Very few analysts compare the papal selection process with the NFL draft. I think it’s because new popes are rarely selected so close to NFL draft day.
Also, there’s the "burning in hell" factor.
But, setting aside the fact that one is much more sacred than the other, both are very ritualized processes in which a group of men select their "go-to guy." There are some other differences. (In one, the major players are cardinals. In the other, the major players try to avoid being Cardinals.) But they share a lot of similarities, as well.
Both are highly publicized, and steeped in tradition. Once chosen, "The Guy" gets a new wardrobe and greets throngs of cheering people (many of whom had never heard of him until a few weeks ago). Both feature a lot of pre-event speculation and postgame analysis, which all boils down to: "We’ll have to see how he performs." And then they all go home.
But recent events in Vatican City have shown that NFL teams have a lot to learn from the papacy when it comes to a selection process. A few suggestions:
• Sequester them — Kudos to the church here. They know the best way to make men decisive is to lock them up in an artsy place with no TV. If the NFL did this, they’d eliminate empty predraft sound bites like: "We’re considering all options" and "we’ll select the best player on the board."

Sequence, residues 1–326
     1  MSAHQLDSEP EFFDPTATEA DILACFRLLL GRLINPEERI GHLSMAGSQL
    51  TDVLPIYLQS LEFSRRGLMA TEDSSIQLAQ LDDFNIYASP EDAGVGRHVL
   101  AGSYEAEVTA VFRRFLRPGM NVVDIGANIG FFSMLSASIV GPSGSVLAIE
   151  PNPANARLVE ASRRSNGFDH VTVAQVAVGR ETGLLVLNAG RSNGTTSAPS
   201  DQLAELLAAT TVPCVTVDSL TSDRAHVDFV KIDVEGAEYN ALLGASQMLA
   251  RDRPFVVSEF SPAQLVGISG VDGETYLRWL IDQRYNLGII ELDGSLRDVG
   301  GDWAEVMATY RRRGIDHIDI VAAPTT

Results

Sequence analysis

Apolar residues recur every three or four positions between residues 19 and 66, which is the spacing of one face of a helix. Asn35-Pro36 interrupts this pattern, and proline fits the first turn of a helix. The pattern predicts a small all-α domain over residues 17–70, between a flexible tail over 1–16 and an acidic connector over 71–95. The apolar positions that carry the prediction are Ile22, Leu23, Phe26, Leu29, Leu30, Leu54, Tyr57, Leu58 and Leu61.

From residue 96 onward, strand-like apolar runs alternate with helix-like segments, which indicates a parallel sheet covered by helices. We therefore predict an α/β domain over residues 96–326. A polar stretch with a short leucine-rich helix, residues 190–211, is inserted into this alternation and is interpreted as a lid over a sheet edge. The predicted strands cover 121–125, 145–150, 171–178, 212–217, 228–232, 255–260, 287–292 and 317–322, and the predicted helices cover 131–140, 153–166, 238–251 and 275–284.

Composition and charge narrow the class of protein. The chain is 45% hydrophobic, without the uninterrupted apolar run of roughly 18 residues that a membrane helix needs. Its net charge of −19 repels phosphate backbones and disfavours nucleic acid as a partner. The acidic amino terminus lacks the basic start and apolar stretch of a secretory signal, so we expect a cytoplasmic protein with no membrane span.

• Catchphrases — The papal selection process was mercifully free of prognosticator jargon. I thankfully never heard Diognini Tettamanzi described as "a five-tool cardinal with good lateral speed who really turned heads at the Papal Combine."
• Location, location, location — While we wait for the papal selection, we see gorgeous exterior footage of St. Peter’s Basilica, and a 400-year-old piazza designed by Giovanni Bernini. While we wait for NFL selections, we get the pasty figure of NFL commissioner Paul Tagliabue saying: "The Green Bay Packers are on the clock." Whose architecture would you prefer watching?
• Smoke signals — I love this. It leaves the talking heads completely out of the loop. This would work so well at the NFL. Instead of all that yakking, draft "experts" would have to stare at a chimney. And then: "It’s white! The smoke is white! We have a wide receiver!"
• The presentation — Here, I think the church can take a page from the NFL playbook. The balcony and cheering crowds are nice. But the new pope steps out from the curtains, dressed exactly like the old pope. He just changed his name, and he’s announced to the world in a series of foreign languages, which requires the throngs in St. Peter’s Square to scream: "Long live you! Who are you?!" I would have suggested a few big screens, a little closed-circuit captioning. (Ratzinger, Joseph — Cardinals) And a jersey that said BENEDICT 16.
Which is probably why they never called.